by John McDonald, posted Jan 31 2013

Alpha Blending is a small--but important--part of virtually every 3D application. Conceptually, alpha-blending is used to communicate the transparency of a surface. Generally, consumer applications (games) tend to use RGB to communicate the color of the underlying surface, relying on the alpha channel to indicate the "opaquness" of that color. More specifically, when alpha blending is enabled in the pipeline, developers tend to use this form for their blending: DestinationColor.rgb...

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Tags Game & Graphics Development

by Bryan Dudash, posted Dec 19 2012

  Direct3D 11 (and the hardware that supports it) includes a lot of new functionality for programmers, but one of the most interesting and powerful additions is Tessellation. This feature has been used in numerous high profile titles and is a great way to upgrade your visuals without an unreasonable amount of extra content effort. Arguably the easiest way to leverage GPU-based tessellation is computing dynamic LODs for your geometry on the fly. For the most part this is pretty...

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Tags Game & Graphics Development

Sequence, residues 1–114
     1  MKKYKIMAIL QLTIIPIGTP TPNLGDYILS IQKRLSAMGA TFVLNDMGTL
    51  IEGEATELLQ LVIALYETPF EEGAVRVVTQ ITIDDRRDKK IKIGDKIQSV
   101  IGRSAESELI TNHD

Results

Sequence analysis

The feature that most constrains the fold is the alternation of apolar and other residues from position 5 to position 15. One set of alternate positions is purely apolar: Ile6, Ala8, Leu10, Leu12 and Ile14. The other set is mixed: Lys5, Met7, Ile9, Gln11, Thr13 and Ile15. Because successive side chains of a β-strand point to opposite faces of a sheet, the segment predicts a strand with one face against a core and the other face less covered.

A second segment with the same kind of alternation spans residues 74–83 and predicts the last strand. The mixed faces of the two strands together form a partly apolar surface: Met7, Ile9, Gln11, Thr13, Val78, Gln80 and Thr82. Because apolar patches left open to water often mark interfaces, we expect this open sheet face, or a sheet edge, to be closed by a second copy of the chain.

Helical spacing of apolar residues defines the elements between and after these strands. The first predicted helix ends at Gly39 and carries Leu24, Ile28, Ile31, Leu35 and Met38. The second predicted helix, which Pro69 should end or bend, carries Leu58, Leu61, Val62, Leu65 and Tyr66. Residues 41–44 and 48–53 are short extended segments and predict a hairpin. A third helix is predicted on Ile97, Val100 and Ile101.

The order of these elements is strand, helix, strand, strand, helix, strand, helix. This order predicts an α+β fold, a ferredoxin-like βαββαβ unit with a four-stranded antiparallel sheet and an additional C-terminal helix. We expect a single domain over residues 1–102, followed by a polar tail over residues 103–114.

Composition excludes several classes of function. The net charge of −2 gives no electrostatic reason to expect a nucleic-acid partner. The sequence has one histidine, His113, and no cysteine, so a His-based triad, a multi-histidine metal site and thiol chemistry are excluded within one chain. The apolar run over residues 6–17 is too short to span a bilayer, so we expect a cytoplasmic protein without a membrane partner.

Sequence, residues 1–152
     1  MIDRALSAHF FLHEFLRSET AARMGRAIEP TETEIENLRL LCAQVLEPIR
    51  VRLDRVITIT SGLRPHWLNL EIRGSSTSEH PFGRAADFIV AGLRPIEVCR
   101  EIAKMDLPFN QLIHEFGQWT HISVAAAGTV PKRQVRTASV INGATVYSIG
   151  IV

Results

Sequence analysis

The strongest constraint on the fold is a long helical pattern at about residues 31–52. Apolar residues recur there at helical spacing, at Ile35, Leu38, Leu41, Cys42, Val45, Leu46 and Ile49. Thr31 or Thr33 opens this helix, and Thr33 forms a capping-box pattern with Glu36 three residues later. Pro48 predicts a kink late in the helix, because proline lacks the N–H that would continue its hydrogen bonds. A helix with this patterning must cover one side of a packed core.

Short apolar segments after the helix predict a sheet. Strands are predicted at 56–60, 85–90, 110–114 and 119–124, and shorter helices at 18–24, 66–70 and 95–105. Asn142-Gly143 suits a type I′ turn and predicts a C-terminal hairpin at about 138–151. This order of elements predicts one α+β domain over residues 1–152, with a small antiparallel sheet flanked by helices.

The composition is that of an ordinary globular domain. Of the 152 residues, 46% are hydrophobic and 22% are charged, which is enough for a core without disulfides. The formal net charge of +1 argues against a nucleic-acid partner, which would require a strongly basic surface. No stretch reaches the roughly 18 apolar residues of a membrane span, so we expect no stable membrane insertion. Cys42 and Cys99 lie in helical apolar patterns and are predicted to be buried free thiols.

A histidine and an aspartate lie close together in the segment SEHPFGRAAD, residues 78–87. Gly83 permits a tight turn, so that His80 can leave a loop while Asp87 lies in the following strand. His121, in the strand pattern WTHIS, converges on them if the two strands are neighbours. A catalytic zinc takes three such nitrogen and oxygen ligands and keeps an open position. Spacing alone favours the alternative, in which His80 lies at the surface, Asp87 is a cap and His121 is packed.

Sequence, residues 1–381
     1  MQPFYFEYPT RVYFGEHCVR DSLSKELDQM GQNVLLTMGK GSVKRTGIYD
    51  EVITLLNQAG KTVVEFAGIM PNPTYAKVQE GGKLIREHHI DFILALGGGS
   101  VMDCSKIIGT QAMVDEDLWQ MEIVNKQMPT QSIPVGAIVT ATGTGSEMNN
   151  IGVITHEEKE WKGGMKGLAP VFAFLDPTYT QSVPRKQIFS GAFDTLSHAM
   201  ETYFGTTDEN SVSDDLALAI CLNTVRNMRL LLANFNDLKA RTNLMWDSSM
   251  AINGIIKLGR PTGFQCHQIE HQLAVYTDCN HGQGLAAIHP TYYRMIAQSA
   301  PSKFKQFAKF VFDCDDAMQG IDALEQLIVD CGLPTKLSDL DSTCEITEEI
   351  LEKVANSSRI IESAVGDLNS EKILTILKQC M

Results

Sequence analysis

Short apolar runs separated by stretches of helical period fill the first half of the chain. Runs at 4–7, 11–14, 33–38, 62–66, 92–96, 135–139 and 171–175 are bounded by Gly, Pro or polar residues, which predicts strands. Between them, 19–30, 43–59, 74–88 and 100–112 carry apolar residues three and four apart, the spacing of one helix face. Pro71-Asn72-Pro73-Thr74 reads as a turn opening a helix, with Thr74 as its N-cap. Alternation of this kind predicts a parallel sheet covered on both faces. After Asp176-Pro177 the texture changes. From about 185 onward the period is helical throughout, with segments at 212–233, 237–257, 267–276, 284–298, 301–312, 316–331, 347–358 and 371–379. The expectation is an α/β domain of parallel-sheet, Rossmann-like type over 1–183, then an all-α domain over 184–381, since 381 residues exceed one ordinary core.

by Mark Kilgard, posted Jul 25 2011

Conventional OpenGL supports rendering images (pixel rectangles and bitmaps) and simple geometric primitives (points, lines, polygons). NVIDIA's NV_path_rendering OpenGL extension adds a new rendering paradigm, known as path rendering, for rendering filled and stroked paths. Path rendering approach is not novel-but rather a standard part of most resolution-independent 2D rendering systems such as Adobe’s PostScript, PDF, and Flash; Microsoft’s TrueType fonts, Direct2D, Office drawings,...

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Tags Game & Graphics Development

by Nathan Hoobler, posted Jul 20 2011

These older DX11 samples are still available for download here although we suggest you check out the new NVIDIA GameWorks Samples instead Tessellation   The first major DirectX 11 feature that the SDK covers is hardware-accellerated tessellation. For those not familiar, DirectX 11 adds several stages to the geometry pipeline, which allow new classes of shaders to determine if and how each polygon produced by the Vertex Shader should be subdivided; the GPU generates the desired mesh...

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Tags Game & Graphics Development

by David Coombes, posted Jun 23 2011

by Simon Green, Richard Tonge, Miguel Sainz, Dane Johnston, and David Schoemehl Note: This is a technical article that complements our consumer-oriented article on GeForce.com, "Alice: Madness Returns PhysX Comparison." A PDF version of the article can be found here.

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